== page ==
Their faith was unshaken. They knew that no matter where they were in life and what they faced, that God was still on His throne. These events that transpired had not taken their Sovereign Lord by surprise. He was not quickly making up a Plan B. He was the only God who was able to rescue them from this powerful king, so now would be a foolish time to abandon their faith in Him.
This is close to where I am. Not at the edge of a fiery furnace, but facing something that only God can change. The thing staring me in the face is so big, scary and devastating, that no one can challenge it and win except God. I didn't invite this thing into my life, at least not intentionally, but it's here. Only God knows why. I've asked Him to take it quickly, but He hasn't. Only God knows why. While it's in front of me, it seems to be growing, and only God knows why. He knows if and when it will go. He knows why it's here. He knows what it's doing to me.
What He wants to know is will I sing His song through this long day to the very end? Will I sing His song if this thing stays before me?
Many verses come to mind to support this idea. Many reasons why faith must not waiver in the face of trials or unplanned circumstances come to mind.
Here are some things to consider.
1. If we only trust God when He does what we want, who is really our god? Are we not asking Him to serve us instead of us serving Him? Saving faith believes God - who He is and what He promises - and acts in obedience to Him. God is not to be manipulated. If we tell God we will follow Him if He does what we ask, we misunderstand who is in control.
2. God is sovereign. He does sit on a throne, and nothing that happens on earth shakes His position. He does not get caught unaware. He does not sleep or go on vacation. He sees all. He knows all. Nothing comes our way without being sifted through His hands of love. Hagar found God saw her in the desert when she and her son were fleeing for their lives. The woman at the well found God knew her past and had written her future.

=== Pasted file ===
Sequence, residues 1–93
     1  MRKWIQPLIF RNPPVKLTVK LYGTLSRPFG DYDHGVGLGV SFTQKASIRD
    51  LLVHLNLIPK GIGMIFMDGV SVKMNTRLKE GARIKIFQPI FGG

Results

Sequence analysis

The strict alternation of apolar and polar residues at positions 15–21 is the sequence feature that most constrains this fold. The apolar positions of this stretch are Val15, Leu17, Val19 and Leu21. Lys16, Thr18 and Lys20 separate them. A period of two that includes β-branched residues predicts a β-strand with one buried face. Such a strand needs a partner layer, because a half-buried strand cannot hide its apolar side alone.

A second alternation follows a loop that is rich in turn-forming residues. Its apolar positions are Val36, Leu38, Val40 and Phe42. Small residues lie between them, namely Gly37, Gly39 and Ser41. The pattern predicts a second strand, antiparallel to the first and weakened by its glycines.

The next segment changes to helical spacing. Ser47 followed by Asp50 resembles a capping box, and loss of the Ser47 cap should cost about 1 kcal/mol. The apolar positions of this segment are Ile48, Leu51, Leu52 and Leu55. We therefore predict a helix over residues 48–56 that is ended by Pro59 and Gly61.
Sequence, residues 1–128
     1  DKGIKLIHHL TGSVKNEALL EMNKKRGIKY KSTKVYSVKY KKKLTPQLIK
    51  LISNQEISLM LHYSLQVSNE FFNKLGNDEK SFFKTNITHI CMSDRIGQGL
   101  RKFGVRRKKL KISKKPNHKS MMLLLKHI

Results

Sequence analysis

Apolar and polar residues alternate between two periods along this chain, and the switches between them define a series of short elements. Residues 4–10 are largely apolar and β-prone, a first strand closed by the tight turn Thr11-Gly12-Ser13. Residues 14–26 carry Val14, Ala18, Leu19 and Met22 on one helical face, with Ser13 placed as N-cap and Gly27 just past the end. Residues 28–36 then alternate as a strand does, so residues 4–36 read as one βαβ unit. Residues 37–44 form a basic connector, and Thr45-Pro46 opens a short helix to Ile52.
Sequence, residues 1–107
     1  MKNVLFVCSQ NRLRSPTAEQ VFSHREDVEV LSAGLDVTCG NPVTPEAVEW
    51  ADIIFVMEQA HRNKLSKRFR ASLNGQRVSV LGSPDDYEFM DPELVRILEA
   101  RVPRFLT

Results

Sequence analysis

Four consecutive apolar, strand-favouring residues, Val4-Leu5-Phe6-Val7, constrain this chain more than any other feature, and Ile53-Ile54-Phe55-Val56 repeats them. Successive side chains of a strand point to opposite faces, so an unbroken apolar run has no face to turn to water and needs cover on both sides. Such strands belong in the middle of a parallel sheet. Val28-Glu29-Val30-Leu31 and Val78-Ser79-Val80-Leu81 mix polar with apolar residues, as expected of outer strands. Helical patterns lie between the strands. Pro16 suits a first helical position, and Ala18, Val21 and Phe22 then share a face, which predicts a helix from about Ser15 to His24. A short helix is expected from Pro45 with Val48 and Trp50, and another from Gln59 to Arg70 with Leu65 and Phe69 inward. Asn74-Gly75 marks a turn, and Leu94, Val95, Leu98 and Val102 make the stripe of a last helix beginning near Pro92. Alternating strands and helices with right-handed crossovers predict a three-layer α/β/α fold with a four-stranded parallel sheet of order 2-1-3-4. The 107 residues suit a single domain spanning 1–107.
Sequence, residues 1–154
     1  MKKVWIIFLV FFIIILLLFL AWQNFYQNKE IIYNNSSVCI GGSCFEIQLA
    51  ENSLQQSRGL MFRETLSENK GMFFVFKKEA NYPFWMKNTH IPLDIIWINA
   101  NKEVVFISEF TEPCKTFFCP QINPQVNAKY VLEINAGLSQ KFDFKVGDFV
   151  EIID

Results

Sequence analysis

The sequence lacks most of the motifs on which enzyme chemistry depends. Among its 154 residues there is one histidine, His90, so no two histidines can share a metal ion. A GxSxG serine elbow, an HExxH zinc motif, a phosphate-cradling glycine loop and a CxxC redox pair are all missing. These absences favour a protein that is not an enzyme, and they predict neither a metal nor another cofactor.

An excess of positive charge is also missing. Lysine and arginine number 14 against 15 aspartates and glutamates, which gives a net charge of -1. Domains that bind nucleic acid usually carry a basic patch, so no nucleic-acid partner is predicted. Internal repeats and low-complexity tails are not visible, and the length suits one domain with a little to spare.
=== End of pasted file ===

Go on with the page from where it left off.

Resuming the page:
3. Our trusting God in the midst of tough, unexpected circumstances does not mean we do not grieve or suffer. Nehemiah heard his home had been destroyed. His people were suffering. He longed to go home and be of some use. He wept, he lost sleep, he did not eat for days. Through all his grief and anguish, he cried out to God, who in time made a way. Expressions of grief or sorrow are not statements of faithlessness.
4. God sees the end from the beginning. We often assume the present IS the end. We are impatient to see the story play out. We can't see past today. Even death is not the end as far as God is concerned. Ask Lazarus. Ask the widow who's son was raised on the way to his burial. Don't give up on God being able to work. Don't assume He is running out of time. God owns time.
5. Our unconditional faith in God says He has the right to rule our lives. He has that right because He made us. We can trust Him to rule our lives because He loves us. We know He loves us because He sent His Son to die for us so we could know Him and live with Him as sons and daughters. He promises to work all circumstances for our good. Good is defined by God, not by us. Good has to do with eternity not necessarily with the present moment or with pleasure.